Kershaw takes lead in Dodgers' all-time strikeouts

Kershaw takes lead in Dodgers’ all-time strikeouts

LOS ANGELES — A sold-out crowd rose to its feet after Clayton Kershaw recorded the 2,697th regular-season strikeout of his career Saturday in the fourth inning, breaking a Los Angeles Dodgers record that Don Sutton held across five decades.

A graphic representing the milestone flashed on the Dodger Stadium video boards, and the roar of 52,613 fans intensified. Play was halted, and Kershaw — famously meticulous, intense and hyper-focused during his start days — finally broke character.

He lifted his cap, patted his chest from the rubber, strolled behind the mound, raised his hat once more, then collected himself before continuing on his outing.

“It’s special,” Kershaw said after producing another solid outing in the Dodgers’ 5-1 loss to the Detroit Tigers. “I didn’t expect it. I understand that the Dodgers are a historic franchise and have been around a long time, so the guys that are on that list that I was fortunate enough to pass was a big deal. But I didn’t know that fans would know or honestly care that much. It was special for me. It really was. It was cool to see. I tried to brush it off and keep going, but they wouldn’t let me. It definitely meant a lot.”

Sutton, a Hall of Famer who died in January 2021, last pitched for the Dodgers in 1988 and had reigned as the franchise’s strikeout leader since 1979. He reached 2,696 strikeouts in 550 appearances for the Dodgers. Kershaw passed him in his 383rd, which saw him pitch six innings of one-run ball and strike out seven, bringing his career strikeout total to 2,700. Only 25 others have ever reached that mark.

Kershaw struck out Dustin Garneau on a curveball to tie Sutton for the second out of the third inning, triggering a brief standing ovation. An inning later, with one on and none out, he set a new mark by getting Tigers rookie first baseman Spencer Torkelson to swing through an 0-2 slider — the pitch Kershaw developed early in his career that ultimately set him apart. He recorded two more strikeouts that inning, then tipped his cap to recognize another standing ovation as he approached the third-base dugout.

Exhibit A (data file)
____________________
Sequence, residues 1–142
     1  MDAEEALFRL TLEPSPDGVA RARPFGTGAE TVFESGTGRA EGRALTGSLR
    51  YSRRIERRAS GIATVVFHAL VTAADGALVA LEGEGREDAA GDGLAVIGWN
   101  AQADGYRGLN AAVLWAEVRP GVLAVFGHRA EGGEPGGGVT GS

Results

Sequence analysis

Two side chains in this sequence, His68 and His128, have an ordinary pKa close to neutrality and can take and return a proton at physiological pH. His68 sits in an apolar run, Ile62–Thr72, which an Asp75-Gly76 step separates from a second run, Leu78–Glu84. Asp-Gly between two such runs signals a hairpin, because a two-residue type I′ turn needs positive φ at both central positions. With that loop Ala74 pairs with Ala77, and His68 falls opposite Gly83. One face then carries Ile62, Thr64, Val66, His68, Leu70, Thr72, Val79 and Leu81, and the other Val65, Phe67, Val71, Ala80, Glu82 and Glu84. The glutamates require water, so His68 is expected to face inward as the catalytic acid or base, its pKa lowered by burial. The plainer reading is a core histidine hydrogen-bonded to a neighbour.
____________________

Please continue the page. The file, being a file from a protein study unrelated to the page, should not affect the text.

When Kershaw finished the top half of the sixth inning, Dodgers manager Dave Roberts approached him on the bench and told him to “enjoy this.”

He was pleased to see Kershaw already had.

“It’s just growth,” Roberts said of watching Kershaw acknowledge the crowd in the middle of his start. “I think he’s understanding that you can get out of focus to then re-focus. He’s done that more times than not more recently, and I think that’s a good thing. This was a special moment, obviously, for him, but the fans have been on this journey with him, too. I like the way that he really understood that.”

A three-time Cy Young Award winner, Kershaw leads all Dodgers players in Baseball-Reference wins above replacement while ranking third in starts, fourth in wins and fifth in innings. Since the start of the live-ball era in 1920, he boasts the lowest ERA (2.49) and WHIP (1.00) among starting pitchers with at least 1,500 innings.

And at 34 he’s still as good as ever.

Kershaw, who didn’t pitch in last year’s postseason because of discomfort in his elbow and didn’t pick up a baseball until January, didn’t issue his first walk until his 20th inning of 2022. His ERA is down to 2.35, and he has recorded 30 strikeouts through his first four starts of a season for only the fifth time in his 15-year career. In the other four instances, Kershaw didn’t finish any worse than fifth in Cy Young voting.

“I don’t wanna just pitch to pitch,” said Kershaw, who returned to the Dodgers on a one-year, $17 million contract. “That’s not a goal of mine, to stick around. I don’t have any interest in just sticking around to be around. I wanna be here to contribute to a team that might win a World Series. That’s what I wanna do. If either of those things aren’t around, I don’t see myself sticking around. If I’m not helpful, I won’t be here. I’m glad that I’ve had a good start to the season, but I have a long way to go.”

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